A weekly round up of articles about employment, the labour market, skills training and workforce development. This week’s round up is drawn from The Daily Star. Here is the news for the week ending 25th February 2021.
This Week in the Bangladesh English News…
…Bangladesh seeks more vaccine doses to fulfill its inoculation goal. Reporting reveals the plight of some migrant workers and efforts to improve their lot. One bank in Bangladesh tops them all. And last year at least 300 small and medium garment factories closed – how many have reopened?
Education and Labour Market
More than 1,000 Bangladeshi migrant workers died in Qatar between 2010 and 2020. This data comes from a Guardian investigative report, which also revealed that a total of 6,500 migrant workers from South Asian countries died during this last decade. One young Bangladeshi, Mohammad Shahid Miah, 29, died after he was electrocuted by electrified flood water in his worker accommodations. A researcher with Amnesty International, May Romanos, said, “There is a need for Qatar to strengthen its occupational health and safety standards.”
The government wants to ensure Bangladeshi migrant workers’ skills certifications are recognized by regional bodies and other countries. Officials said Bangladesh is working to sign mutual recognition agreements (MRAs) towards this end. One official said that while there’s been recent investment in skills training for migrant workers, recognition of that certification is also a necessary step. The absence of certifications or recognition is why Bangladeshi migrant workers are sometimes paid less than their Indian or Sri Lanken counterparts, said the Bangladesh Employers Federation.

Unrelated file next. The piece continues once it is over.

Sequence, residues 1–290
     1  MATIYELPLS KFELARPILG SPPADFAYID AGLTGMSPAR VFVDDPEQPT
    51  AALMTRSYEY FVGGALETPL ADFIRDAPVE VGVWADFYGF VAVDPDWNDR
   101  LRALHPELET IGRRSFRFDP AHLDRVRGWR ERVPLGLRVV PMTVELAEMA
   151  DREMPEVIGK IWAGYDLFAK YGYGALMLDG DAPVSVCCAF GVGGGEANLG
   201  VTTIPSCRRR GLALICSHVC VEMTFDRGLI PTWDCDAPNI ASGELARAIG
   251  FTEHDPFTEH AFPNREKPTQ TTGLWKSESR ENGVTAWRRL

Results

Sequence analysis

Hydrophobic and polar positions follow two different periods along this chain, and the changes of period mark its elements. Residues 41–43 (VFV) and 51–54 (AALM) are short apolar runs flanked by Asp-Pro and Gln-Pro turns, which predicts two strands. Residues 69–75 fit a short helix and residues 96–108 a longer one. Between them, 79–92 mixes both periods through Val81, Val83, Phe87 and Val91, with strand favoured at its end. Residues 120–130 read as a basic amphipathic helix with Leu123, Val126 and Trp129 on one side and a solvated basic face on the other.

Students of public universities protested the continued closure of their dorms and the postponement of exams which had been scheduled to take place. On some campuses, protestors broke locks on residential halls and occupied dorms. This happened at Jahangirnagar University after students, many of whom are paying rent to stay nearby campus, violently clashed with villagers and at least 35 students were injured. Students have requested the residential halls open 1 March.
The education minister announced residential halls will open 17 May and in-person classes will resume 24 May if university teachers and students receive the first dose of the vaccine. “Vaccination is a must for students if they want to return to their halls,” said Minister Dr. Dipu Moni. A health ministry official said they are waiting to receive a plan from the education ministry before proceeding with an inoculation plan for university teachers and students. Some disagree with premise of this plan: “The World Health Organization (WHO) has instructed to go for reopening if the positivity rate remains stagnant below five percent for more than two weeks. We have this situation here for around a month and we can reopen step by step,” said Mushtaq Hussain, consultant of the Institute of Epidemiology, Disease Control and Research (IEDCR).
Some 57,000 more companies have come under the tax net through a tax compliance initiative, said the National Board of Revenue; the 73 percent increase in companies with taxpayers identification numbers within the last 6 months came as a result of the NBR comparing its own records with data from the Registrar of Joint Stock Companies and Firms. NBR has also focused on ensuring that companies’ tax returns and audits are in order with the help of the Institute of Chartered Accountants of Bangladesh (ICAB): in November the two revealed a software application Document Verification System (DVS) to verify returns and audits.
BRAC Bank received the highest credit ratings in Bangladesh yet again according to the Moody’s Investor Service ratings. The bank’s foreign currency credit rating was upgraded from the Baa3 level to B1, and it’s local currency deposit rating held at Ba3 for the fourth consecutive year.